NARAL AND ROBERTS….A regular correspondent writes today with some advice:

If you’d like to get a jump in viewings from right-wing readers, we’d all really like to see some mainstream leftwing blog denounce the NARAL ad.

I have my doubts about that, but still, this email, along with a barrage of other emails and dozens of blog posts, finally aroused me from my August torpor. So I went and looked at the ad that’s causing all the fuss.

The text is on the right, and when you cut through the thousands of words of chaff written about it, there appear to be two main complaints. First, that the ad doesn’t make clear that Roberts’ brief was filed seven years before the Birmingham bombing, and second, that it’s outrageous to say that Roberts was “supporting violent fringe groups and a convicted clinic bomber.”

Well, is that outrageous? Sure. Roberts was defending a legal principle, and the beneficiaries of legal principles are frequently pretty odious characters. Defending the principle doesn’t mean you’re defending a particular person or group, a distinction the ACLU makes all the time.

However, on the overall scale of outrageousness, I have to say that this ad ranks pretty low compared to conservative benchmarks like Willie Horton and the Swift Boat lunatics. In fact, here’s what I think is weird: NARAL could have addressed both these complaints and made the ad better in the process.

Take the timeline issue first. Wouldn’t it actually be more effective to put this front and center so that the 1998 bombing appears to be the inevitable result of Roberts’ winning 1991 argument to the Supreme Court? Sure it would.

As for “supporting violent fringe groups,” why say it that way in the first place? Why not take the high road and acknowledge that Roberts was defending an abstract principle, but then condemn the ivory tower ideology that they believe produced such appalling real world results?

So even though no one asked me, here’s my rewrite of the NARAL ad:

Announcer: In 1991, Supreme Court nominee John Roberts filed court briefs arguing that federal law couldn’t be used to curb violent protesters outside women’s health clinics.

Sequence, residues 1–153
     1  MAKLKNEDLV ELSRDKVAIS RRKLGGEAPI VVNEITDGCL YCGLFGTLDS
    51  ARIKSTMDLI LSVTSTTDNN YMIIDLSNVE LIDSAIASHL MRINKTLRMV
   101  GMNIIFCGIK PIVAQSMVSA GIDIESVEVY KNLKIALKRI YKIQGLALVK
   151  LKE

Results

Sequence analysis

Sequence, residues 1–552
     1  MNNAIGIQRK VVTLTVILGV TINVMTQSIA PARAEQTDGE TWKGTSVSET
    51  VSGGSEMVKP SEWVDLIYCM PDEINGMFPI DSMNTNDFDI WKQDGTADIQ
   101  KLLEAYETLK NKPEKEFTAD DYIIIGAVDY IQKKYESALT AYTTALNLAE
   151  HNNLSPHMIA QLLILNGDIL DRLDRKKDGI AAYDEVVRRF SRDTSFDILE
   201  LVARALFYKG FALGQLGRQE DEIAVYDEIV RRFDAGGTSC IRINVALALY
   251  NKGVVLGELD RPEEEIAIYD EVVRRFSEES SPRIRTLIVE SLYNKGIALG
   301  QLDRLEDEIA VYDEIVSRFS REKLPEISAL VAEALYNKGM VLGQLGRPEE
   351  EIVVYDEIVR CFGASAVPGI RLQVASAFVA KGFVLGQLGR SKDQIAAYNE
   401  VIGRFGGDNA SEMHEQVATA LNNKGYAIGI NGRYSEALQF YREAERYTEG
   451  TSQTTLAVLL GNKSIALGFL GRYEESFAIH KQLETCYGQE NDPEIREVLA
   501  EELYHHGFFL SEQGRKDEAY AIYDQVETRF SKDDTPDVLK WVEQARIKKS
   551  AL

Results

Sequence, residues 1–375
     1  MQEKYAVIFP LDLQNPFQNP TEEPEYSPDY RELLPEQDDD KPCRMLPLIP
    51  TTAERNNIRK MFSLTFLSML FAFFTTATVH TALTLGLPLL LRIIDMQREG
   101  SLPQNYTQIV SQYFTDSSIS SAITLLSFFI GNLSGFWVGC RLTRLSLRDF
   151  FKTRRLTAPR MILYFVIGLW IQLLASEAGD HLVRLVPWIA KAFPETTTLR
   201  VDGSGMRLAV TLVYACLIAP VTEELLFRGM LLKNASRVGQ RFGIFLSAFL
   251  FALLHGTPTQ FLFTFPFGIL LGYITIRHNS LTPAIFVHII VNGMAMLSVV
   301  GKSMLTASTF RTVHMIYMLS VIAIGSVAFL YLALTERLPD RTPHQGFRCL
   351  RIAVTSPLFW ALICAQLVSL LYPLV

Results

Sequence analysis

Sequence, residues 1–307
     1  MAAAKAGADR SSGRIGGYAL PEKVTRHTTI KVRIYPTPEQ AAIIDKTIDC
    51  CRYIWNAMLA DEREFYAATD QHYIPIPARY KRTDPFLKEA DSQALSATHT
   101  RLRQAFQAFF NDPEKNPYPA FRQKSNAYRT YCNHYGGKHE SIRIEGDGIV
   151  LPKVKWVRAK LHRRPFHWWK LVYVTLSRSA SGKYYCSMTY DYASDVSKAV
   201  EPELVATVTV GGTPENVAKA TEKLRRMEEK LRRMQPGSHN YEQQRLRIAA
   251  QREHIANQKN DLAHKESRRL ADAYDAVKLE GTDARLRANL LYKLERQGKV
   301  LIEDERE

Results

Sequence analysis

(On screen: Early 90s footage of violent crowds surrounding a woman trying to get to a clinic door.)

Announcer: The protests continued, and seven years later, a bomb destroyed a clinic in Birmingham, Alabama.

(On screen: Footage of bombed clinic.)

Emily Lyons: When a bomb ripped through my clinic, I almost lost my life.

Announcer: John Roberts was just doing his job: he was defending conservative ideology for the first Bush administration. But conservative ideology has real world consequences.

Emily Lyons: I’m determined to stop this violence so I’m speaking out.

Announcer: Call your Senators. Tell them to oppose John Roberts. America can’t afford a Justice whose ideology leads him to excuse violence against other Americans.

It’s more accurate this way and it acknowledges Roberts’ actual role explicitly, but it’s every bit as inflammatory as the original version. Hell, maybe more inflammatory.

Of course, what’s ironic is that ads like this are only necessary because of the peculiar convention we’ve adopted that says court nominees can’t be asked any genuine questions about their judicial views. So we have to guess based on scraps of writing from their past.

But really, what’s wrong with simply asking Roberts, “What do you think of the majority’s reasoning in Roe v. Wade? Do you think it’s sound?” That’s not prejudging a future case, it’s asking him his scholarly opinion of a past argument. If he says that he thinks the reasoning is suspect, then abortion rights groups have every right to oppose him because they think his judgment is wrong.

Instead we get a kabuki dance. What a waste.

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